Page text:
Rengi and the Researcher, 2005: On Dilemmas of "Civilization"

From the Series: Assimilation, Dispossession, Erasure, or Refusal

Photo by Pankaj Sekhsaria.


The debate over isolation or assimilation of tribes has continued ever since a dominant culture touched the shores of the Andaman Islands and its indigenous cultures. The discussion never included the voices or perspectives of those indigenous about inclusion or exclusion from the mainstream. The aborigine of the Andaman Islands are the best examples of those most affected by changing policies of the Government of India acting in tandem with the Andaman administration. In particular, the Great Andamanese whose interaction with the "civilized" started the earliest, suffered the most because of shifting policies of government. Those shifting policies never took into consideration the wishes, relations, feelings, and emotions of all those affected by these decisions. The following paragraphs attempt to capture the dilemmas of Rengi, a Great Andamanese young woman, as she voices her struggles in choosing between her feelings or having to live according to the policies she and her people are subject to and governed by as the most assimilated of the Andaman tribal groups.


This is an account, narrated in first person, based on information gathered over a series of conversations in chance meetings at Port Blair with an aboriginal Andamanese young woman named Rengi and her family members. In the second part of the paper I use the first-person voice to provide a more impactful and authentic account.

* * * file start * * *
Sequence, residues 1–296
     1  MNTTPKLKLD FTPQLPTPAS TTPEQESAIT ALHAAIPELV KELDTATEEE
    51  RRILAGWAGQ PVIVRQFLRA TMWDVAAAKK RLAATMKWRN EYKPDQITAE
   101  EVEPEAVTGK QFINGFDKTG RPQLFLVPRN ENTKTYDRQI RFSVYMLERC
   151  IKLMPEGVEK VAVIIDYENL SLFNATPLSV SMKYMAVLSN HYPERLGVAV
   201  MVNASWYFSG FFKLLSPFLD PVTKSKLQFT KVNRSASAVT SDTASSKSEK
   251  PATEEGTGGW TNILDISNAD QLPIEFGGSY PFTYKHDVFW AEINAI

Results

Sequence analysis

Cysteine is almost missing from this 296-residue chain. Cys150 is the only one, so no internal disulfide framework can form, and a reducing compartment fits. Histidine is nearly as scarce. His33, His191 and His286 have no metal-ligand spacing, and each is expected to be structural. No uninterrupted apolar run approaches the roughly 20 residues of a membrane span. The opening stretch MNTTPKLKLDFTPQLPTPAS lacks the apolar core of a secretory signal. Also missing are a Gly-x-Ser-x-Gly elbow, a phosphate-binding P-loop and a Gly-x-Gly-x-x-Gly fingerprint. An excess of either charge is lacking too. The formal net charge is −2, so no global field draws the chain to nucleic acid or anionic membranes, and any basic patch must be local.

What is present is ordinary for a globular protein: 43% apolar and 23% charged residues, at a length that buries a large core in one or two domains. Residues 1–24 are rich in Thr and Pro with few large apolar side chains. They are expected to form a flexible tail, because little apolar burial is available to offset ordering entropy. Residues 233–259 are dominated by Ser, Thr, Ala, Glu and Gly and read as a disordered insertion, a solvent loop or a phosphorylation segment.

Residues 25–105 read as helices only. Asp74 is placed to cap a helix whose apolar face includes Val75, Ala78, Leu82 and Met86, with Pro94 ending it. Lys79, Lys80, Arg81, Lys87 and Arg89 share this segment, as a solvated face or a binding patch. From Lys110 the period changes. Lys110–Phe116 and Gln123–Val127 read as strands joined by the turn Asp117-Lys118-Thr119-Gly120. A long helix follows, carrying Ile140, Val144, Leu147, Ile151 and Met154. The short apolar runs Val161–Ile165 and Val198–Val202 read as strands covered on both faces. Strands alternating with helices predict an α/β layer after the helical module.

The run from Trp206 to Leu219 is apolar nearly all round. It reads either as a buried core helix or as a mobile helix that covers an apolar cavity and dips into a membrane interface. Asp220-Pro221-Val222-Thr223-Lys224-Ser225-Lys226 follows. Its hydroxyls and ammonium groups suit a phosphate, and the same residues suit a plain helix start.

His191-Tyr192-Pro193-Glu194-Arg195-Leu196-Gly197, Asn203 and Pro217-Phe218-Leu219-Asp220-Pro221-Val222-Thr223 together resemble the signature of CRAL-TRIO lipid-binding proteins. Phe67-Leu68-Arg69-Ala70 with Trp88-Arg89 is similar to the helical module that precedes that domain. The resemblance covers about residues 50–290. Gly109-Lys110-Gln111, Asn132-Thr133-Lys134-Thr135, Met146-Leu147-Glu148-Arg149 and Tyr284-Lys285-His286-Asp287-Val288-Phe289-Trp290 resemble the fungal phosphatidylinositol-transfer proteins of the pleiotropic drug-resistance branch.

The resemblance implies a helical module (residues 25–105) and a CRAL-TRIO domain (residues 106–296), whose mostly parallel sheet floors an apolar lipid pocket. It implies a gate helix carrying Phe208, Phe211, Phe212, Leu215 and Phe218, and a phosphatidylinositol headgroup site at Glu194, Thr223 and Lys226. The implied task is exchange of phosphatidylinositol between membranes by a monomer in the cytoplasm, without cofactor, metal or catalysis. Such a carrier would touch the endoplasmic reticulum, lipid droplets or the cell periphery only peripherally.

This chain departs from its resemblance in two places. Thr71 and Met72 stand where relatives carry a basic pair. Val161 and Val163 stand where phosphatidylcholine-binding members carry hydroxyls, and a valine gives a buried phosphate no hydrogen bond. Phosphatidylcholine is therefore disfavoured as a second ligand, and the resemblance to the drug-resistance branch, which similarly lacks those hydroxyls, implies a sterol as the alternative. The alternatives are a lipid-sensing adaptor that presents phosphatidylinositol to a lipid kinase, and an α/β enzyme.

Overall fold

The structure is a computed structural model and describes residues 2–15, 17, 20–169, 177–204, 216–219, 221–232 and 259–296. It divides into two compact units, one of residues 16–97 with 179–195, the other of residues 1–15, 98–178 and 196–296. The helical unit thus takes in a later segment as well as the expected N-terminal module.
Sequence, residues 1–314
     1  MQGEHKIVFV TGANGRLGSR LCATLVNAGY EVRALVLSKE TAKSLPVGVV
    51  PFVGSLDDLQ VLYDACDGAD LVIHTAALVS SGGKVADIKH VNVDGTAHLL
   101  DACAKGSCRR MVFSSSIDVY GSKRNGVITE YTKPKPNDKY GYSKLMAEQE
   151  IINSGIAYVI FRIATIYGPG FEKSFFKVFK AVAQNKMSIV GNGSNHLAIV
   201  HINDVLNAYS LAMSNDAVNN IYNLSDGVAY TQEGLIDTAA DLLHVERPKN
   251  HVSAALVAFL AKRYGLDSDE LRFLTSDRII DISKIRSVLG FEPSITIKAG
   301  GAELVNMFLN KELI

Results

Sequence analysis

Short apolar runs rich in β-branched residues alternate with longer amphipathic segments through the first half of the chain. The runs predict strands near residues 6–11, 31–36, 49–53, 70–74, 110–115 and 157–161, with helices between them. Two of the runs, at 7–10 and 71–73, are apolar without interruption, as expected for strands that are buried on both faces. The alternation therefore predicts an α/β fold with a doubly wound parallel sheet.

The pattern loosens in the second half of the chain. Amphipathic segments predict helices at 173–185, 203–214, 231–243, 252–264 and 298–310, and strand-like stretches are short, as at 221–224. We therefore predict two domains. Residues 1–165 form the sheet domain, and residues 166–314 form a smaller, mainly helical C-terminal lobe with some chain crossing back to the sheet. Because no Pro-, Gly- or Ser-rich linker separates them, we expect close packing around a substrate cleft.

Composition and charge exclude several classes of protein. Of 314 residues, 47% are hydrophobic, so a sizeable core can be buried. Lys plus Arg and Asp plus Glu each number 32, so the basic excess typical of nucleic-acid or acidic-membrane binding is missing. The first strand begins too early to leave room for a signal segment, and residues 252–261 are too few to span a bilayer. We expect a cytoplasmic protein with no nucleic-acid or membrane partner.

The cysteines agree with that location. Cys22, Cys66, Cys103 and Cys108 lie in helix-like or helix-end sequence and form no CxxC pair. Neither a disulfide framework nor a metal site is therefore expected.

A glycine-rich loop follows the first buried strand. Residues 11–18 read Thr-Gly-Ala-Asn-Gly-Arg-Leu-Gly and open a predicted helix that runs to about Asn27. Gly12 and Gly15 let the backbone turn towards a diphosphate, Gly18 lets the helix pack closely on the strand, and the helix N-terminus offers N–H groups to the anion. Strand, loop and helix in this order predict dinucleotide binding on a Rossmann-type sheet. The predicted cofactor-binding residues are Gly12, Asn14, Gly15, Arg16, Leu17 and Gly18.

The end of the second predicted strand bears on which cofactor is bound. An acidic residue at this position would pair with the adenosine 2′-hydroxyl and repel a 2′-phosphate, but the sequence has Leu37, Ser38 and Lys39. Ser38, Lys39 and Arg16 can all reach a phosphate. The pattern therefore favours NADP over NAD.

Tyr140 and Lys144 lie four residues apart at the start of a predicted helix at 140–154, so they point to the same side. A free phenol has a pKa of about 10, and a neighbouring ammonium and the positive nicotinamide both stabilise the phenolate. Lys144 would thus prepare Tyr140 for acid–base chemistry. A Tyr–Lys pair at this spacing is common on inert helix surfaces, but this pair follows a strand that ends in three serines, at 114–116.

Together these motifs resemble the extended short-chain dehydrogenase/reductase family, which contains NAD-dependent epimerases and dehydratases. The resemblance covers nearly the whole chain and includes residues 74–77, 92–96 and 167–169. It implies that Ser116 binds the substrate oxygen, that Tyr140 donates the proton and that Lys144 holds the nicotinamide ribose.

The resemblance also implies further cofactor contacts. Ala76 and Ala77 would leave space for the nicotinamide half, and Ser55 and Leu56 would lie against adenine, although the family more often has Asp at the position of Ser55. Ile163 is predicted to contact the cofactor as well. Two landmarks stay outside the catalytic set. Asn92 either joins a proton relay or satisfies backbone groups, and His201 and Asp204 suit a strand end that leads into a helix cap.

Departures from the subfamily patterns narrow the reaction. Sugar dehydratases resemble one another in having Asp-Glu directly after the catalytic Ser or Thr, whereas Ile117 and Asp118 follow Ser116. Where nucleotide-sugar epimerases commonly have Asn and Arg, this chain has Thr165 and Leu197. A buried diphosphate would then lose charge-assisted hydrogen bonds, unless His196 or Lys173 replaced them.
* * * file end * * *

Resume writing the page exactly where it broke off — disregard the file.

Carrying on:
Rengi: I am Rengi. I was born at Strait Island, the name of my father is Jirake, and mother is called Surmai. Including me they had ten children—Ilfe, Meyo, Boro, Tango, Riya, Yerambo, Kormo, Buluba, and Des. My father died few months back. He had great knowledge about the forests. With his loss, my race lost precious knowledge about the forest and sea, it lost its language and culture. The government, in order to provide access to health facilities and market, set-up an Andamanese Home—Aadibasera, at Port Blair. It was also a restricted place, but we could visit the outside of Home at Port Blair whenever they took us to the hospital or for buying things for us, and there were no restrictions to interact with outsiders. We also used to go to Delhi for the 26th January parade. My family regularly used to come to Adibasera and we liked the market of Port Blair. When the government decided to change the Isolation policy and adopted the assimilation policy, they taught us Hindi and English and a few among us also got jobs in Port Blair. I started working in the Anthropological Survey of India’s museum and one of my sisters Boro got a job in the traffic police at Port Blair. Now we are only forty-eight people left and fourteen are working in government jobs. Suddenly out of the blue the policy makers adopted the isolation policy and a ban was imposed on us. The interaction with outsiders has been totally stopped. But what about our emotions, our feelings, they cannot be restricted within the boundaries of policies?

Few months back I met Sukumar Roy, a Bengali boy, we like each other and our interaction started. Very soon we realized that we are in love. Now (in November 2005) we have decided that we should get married, but I was shocked to learn that it was not just our families whose consent is required but being a Great Andamanese girl, the Tribal Welfare Department would decide who I should marry. The Tribal Welfare Department at Port Blair—a governmental setup, got instructed by its head office that Government of India was following an Isolation policy in the context of Aboriginal Tribes of Andaman because of a decline in the Aboriginal Population. Therefore, with a view to further the objectives and policy of the state, the Tribal Welfare Department refused to give permission for this marriage in order to stop the mixing of their population.

Tribal Welfare Department, Port Blair.

The tragedy of life is that the person inside dies while one lives. Why should only I bear the burden of saving my race?